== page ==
Cranial and Postcranial Skeletal Remains from Easter Island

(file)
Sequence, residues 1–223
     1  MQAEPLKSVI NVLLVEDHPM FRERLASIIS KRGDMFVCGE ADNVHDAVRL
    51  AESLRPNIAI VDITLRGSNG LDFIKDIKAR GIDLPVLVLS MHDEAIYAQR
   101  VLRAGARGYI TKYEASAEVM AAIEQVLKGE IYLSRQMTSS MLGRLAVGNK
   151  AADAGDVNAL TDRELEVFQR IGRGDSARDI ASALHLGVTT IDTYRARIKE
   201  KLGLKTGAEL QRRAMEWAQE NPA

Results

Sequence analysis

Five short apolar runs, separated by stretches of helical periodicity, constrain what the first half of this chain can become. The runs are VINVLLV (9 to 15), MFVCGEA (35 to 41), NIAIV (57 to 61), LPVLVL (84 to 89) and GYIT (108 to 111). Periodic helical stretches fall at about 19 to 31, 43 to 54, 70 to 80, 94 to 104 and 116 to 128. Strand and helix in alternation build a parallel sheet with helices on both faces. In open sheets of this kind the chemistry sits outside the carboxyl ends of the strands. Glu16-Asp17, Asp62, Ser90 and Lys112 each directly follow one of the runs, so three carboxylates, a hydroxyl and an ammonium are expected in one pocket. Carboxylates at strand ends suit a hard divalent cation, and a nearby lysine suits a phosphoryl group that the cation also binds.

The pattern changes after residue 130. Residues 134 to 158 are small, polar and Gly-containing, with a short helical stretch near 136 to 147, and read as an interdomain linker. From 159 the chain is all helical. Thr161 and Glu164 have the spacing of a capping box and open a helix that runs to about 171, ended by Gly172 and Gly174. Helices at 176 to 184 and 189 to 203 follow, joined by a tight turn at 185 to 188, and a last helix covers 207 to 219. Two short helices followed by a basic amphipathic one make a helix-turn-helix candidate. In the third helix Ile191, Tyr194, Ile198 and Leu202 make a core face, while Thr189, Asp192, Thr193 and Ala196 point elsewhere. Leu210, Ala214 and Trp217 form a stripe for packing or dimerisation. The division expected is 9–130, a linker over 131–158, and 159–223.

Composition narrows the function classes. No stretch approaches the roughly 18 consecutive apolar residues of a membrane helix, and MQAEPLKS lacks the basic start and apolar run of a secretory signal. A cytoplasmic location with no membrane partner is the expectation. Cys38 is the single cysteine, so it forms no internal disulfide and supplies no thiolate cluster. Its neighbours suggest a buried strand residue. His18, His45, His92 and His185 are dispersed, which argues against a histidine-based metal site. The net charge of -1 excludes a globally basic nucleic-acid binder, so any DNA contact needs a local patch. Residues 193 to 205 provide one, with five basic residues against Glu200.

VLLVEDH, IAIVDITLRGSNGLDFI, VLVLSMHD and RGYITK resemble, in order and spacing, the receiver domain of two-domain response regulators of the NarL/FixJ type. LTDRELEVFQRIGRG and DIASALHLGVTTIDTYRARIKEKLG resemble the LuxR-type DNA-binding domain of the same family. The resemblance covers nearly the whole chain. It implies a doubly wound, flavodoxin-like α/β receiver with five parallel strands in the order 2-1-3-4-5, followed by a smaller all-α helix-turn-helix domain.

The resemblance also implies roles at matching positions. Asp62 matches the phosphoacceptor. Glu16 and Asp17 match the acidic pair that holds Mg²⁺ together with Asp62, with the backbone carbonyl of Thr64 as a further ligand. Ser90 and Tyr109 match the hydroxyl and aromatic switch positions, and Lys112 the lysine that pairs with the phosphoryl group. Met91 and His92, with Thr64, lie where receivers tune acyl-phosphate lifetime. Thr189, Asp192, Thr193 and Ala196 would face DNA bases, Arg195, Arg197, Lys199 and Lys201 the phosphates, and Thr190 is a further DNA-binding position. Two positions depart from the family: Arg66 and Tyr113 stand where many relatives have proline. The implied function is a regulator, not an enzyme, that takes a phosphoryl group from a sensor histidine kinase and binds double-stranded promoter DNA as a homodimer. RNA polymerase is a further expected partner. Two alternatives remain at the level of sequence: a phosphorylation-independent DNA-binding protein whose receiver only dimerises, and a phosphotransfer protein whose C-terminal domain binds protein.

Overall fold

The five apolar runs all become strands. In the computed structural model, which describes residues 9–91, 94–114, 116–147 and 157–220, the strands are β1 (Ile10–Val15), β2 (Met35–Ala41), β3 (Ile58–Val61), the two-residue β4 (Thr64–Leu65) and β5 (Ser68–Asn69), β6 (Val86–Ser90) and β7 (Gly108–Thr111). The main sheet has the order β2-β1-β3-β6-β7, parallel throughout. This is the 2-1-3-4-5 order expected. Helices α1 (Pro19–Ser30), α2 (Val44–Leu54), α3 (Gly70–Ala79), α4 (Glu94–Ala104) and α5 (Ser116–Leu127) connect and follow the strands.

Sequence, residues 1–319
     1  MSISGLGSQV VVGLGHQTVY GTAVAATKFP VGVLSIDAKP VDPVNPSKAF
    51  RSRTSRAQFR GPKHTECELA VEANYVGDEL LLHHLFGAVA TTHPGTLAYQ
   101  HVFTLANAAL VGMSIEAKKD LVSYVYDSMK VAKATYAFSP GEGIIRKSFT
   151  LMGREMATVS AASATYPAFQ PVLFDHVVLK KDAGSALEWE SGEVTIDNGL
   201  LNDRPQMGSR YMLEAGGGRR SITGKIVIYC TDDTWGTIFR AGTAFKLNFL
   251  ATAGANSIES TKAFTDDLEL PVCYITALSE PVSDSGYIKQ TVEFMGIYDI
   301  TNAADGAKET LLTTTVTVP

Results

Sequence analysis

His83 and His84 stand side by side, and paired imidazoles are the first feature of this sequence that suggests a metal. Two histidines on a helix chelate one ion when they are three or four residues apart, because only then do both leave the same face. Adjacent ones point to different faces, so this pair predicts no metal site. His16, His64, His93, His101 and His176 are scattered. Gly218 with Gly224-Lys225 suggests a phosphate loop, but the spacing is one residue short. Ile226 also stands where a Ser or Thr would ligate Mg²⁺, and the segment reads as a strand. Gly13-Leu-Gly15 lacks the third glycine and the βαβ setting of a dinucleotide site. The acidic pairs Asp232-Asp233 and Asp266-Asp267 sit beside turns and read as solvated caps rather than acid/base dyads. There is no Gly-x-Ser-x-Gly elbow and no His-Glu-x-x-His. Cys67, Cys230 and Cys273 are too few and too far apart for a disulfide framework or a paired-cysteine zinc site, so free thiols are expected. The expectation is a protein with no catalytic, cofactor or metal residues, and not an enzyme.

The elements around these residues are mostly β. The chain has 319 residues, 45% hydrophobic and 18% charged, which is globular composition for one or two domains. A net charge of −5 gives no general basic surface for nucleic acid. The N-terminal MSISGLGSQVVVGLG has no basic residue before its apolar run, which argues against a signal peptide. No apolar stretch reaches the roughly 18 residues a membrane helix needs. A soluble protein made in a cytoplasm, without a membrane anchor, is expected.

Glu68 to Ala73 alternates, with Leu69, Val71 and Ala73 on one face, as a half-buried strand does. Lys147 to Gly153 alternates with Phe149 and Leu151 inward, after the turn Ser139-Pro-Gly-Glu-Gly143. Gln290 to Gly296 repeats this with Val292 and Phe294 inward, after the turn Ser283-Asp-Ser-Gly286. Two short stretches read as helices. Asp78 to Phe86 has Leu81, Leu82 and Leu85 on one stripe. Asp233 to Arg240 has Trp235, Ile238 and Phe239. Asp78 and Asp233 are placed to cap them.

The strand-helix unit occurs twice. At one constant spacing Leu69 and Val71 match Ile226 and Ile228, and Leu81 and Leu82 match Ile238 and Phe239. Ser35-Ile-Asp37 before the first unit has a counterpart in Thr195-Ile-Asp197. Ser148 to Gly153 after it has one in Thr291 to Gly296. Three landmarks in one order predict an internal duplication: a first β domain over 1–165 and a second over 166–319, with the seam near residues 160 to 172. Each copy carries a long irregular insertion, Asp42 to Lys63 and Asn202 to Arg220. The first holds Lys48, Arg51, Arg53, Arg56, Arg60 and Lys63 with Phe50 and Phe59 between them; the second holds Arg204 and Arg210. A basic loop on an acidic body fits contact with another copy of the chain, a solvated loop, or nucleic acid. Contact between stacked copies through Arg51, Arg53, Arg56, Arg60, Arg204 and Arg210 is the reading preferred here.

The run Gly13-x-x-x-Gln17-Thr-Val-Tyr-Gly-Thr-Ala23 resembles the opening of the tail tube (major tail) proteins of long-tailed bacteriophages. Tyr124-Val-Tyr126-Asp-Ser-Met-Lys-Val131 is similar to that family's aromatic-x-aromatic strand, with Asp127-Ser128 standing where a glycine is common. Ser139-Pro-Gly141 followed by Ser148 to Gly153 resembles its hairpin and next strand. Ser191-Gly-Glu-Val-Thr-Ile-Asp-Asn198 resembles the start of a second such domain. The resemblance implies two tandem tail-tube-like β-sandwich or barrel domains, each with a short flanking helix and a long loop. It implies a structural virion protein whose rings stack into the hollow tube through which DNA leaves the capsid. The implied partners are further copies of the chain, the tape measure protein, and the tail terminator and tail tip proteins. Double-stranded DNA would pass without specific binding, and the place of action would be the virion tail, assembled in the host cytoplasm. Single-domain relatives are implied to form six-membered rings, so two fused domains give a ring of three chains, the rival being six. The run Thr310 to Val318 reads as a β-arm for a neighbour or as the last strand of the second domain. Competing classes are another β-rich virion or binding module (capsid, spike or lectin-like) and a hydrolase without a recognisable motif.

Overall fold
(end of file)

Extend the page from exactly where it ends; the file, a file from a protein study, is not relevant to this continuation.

An archaeological expedition to Easter Island and the East Pacific was organized and financed by Thor Heyerdahl, the Norwegian anthropologist of Kon-Tiki fame, in 1955-1956. Although Professor Murrill was not a member of the expedition, he was asked to study and analyze, from the standpoint of physical anthropology, the human skeletal material which was found by the expedition in excavations on Easter Island. Professor Murrill conducted a detailed examination of the remains, using such methods as metrical measurements, morphological observations, and analyses of blood group gene frequencies. In this book he presents the factual data resulting from his study, much of it in the form of comprehensive tables, and his conclusions. The findings throw significant light on the question of where the prehistoric Easter Islanders came from. Contrary to theories favored by Mr. Heyerdahl and others that these people and their culture derived from prehistoric settlements on the west coast of South America, Professor Murrill concludes that the Easter Island people were Polynesian in origin and that they may have come from the Marquesas Islands. He finds it unlikely that a Negroid migration (possibly from Melanesia) antedated a Polynesian one to Easter Island and, on the basis of his evaluation of blood group systems, he suggests that the Polynesian and the American Indian types may be derived from the same gene pool in East Asia. The book is illustrated with photographs, drawings, and maps, and there is a substantial bibliography.
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